Since the invention of the computer, both computer scientists and artists have been considering the use of computers for the production of artifacts. Music is one of the arts that has most benefited from such a possibility. Computer music is as old as the computer itself: the ILLIAC suite described in Hiller and Isaacson (1958) is the first piece of music composed by a digital computer. The field of computer music encompasses many aspects across music and computer science, including sound synthesis, real-time performances, digital instruments, music notation software, and much more. In this article, we are concerned with the aspect of automatic music composition; that is, we focus our attention on the problem of composing music by means of a computer program. Computer-assisted composition is an active area of musical, technical, and humanistic research. The user interaction that computer-assisted music composition systems offer ranges from marginal help to fully automated systems. In this work we focus on algorithmic music composition, that is, the production of music through an algorithm that takes an input and, without any human intervention, produces new music. As an historical note, we remark that even “automatic composers” dating back to well before the computer era can be considered algorithmic.
In the design of a music composition algorithm we need to take into account the fact that music composition is a process that must satisfy a set of functional (music theory/ harmonization rules, genre-stylistic restrictions) and aesthetic (preferred patterns, style, motifs, etc.) goals. The functional goals are related to the specific music genre that the composition follows (classic, jazz, pop, etc.) and can be coded as formal constraints (e.g., parallel fifths are not allowed in classical music). The aesthetic goals are related to specific composers, and sometimes can violate functional goals. For example, despite the fact that parallel fifths are forbidden in classical music, Bach sometimes deliberately used this type of voices movement in his compositions. Automatic composition of music could be seen, assuming the existence of a precisely defined evaluation metric, as a combinatorial problem that consists in placing a finite number of notes in a finite grid (the music sheet). Unfortunately (or fortunately?) such a metric does not exist, but we can exploit harmonic and melodic rules to evaluate a piece of music. Combinatorial problems often are characterized by an immense search space: many algorithms that work quite well in other settings, are not helpful since exploring the search space would take too long a time. Moreover, providing clever ways in order to guide an algorithm toward a good solution, can be difficult due to the nature of the problem. In fact, a small perturbation can lead to a wrong part of the search space completely disorienting the algorithm. Adding heuristics that can improve the efficiency by restricting the exploration in significantly smaller search spaces.
Apart from locating a single optimum solution in a complex search space, an algorithm designed to solve creativity problems has an even greater task to undertake: to locate multiple solutions where “optimum” can be represented by terms like “interesting,” “satisfying,” and so on. In most traditional problems of physics or mathematics, this would make no sense, but from the aesthetics point of view, one single, unique, and global optimum might not exist; Bentley (2000) states the following: “The goal is to identify new and interesting solutions, normally more than one is desirable, and these solutions must be good. However, finding global optima may be undesirable, impractical, or even impossible.” In this context, evolutionary computation (EC), and specifically evolutionary algorithms (EA), appear to work quite well and present an opportunity to explore extremely large search spaces in order to locate multiple optimal solutions related to the problem domain, while combining exploration and optimization. According to Goldberg (2002), this is achieved primarily by a continual innovation, as the result of the evolutionary operators (selection, crossover, mutation) and their impact on the population.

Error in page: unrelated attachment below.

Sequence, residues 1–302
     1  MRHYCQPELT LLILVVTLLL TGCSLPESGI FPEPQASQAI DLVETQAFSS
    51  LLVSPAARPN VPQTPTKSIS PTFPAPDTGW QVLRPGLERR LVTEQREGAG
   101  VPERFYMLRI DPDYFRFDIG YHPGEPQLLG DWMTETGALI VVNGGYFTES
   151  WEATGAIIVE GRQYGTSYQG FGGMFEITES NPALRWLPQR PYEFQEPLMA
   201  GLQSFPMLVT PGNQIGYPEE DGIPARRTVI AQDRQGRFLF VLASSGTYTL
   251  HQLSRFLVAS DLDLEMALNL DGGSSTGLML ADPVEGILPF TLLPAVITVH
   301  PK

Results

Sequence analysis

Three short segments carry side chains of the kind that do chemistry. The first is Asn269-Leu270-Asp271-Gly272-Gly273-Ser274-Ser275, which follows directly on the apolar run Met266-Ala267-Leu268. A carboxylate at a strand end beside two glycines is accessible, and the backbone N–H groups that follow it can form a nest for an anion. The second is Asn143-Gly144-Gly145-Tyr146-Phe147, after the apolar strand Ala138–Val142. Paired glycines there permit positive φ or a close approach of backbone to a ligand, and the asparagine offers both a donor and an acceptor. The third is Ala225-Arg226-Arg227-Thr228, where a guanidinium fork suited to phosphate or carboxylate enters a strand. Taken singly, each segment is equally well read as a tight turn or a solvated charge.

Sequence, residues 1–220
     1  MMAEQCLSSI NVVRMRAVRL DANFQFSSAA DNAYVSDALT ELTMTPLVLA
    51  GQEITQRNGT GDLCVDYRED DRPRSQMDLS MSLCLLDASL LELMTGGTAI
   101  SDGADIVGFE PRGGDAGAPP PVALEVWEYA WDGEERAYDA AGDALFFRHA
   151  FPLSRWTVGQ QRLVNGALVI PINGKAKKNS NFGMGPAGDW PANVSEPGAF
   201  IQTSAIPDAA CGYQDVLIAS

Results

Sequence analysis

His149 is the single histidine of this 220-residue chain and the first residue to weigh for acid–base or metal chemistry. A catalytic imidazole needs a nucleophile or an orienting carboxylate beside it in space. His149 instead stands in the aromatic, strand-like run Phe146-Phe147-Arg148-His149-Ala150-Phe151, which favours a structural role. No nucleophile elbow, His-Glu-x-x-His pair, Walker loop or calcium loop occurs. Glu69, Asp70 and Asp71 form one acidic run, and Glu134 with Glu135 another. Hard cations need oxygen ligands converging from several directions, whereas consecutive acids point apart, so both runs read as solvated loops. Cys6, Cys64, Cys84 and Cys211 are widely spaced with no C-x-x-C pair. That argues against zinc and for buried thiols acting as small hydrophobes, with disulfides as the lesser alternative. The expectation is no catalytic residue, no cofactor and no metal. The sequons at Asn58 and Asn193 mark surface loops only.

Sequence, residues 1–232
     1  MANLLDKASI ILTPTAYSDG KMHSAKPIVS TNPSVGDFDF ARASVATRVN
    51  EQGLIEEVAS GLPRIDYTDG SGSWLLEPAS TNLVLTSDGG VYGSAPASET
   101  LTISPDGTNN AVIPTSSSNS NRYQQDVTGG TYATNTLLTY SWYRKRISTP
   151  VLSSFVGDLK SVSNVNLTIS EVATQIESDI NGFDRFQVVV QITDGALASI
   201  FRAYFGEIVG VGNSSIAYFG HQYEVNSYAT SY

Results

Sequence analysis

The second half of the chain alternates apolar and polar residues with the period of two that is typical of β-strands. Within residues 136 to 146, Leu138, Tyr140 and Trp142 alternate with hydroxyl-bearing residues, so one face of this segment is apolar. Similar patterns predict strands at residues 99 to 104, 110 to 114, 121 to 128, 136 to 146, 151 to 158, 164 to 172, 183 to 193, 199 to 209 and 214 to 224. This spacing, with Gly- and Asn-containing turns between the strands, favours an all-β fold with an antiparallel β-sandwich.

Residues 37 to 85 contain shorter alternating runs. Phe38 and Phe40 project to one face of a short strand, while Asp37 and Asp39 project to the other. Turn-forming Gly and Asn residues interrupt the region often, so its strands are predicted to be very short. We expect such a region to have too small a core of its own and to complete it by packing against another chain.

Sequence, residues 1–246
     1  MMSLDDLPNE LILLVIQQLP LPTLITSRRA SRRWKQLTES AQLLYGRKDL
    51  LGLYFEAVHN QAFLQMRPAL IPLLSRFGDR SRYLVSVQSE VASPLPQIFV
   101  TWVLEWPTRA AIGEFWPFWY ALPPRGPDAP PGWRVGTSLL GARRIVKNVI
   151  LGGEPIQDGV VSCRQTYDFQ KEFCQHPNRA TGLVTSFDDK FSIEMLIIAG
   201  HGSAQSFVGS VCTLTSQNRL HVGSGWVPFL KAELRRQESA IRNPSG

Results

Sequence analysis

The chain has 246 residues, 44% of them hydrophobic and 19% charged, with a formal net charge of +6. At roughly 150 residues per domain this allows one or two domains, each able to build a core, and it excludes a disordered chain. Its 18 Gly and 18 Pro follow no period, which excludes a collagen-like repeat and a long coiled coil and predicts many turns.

The last decade has seen impressive advances in artificial intelligence (AI). Research studies have produced powerful applications that have a wide practical impact. Machine creativity is a recent trend in AI: it allows the design of improved engineering solutions at a lower cost. In this context, EC is likely to play a central role. Agood recent survey of problems solved with evolutionary creativity is provided by Lehman et al. (2018). We refer the reader to such a survey for further references. All these successful applications of evolutionary creativity suggest that the approach can be useful also for “artistic” problems, as, for example, problems in the field of music.
We have proposed several Evolutionary Music composers to face the unfigured bass harmonization problem, such as, EvoBassComposer and EvoComposer.
R. De Prisco, G. Zaccagnino, R. Zaccagnino.
EvoComposer: An Evolutionary Algorithm for 4 voice Music Compositions.
Evolutionary Computation Journal, vol. 28, p. 489-530 (2020), ISSN: 1063-6560, doi: 10.1162/evco a 00265.
Roberto De Prisco, Gianluca Zaccagnino, Rocco Zaccagnino.
EvoBassComposer:a multi-objective genetic algorithm for 4-voice compositions.
GECCO 2010: 817-818.
Roberto De Prisco, Rocco Zaccagnino.
An Evolutionary Music Composer Algorithm for Bass Harmonization.
EvoWorkshops 2009: 567-572.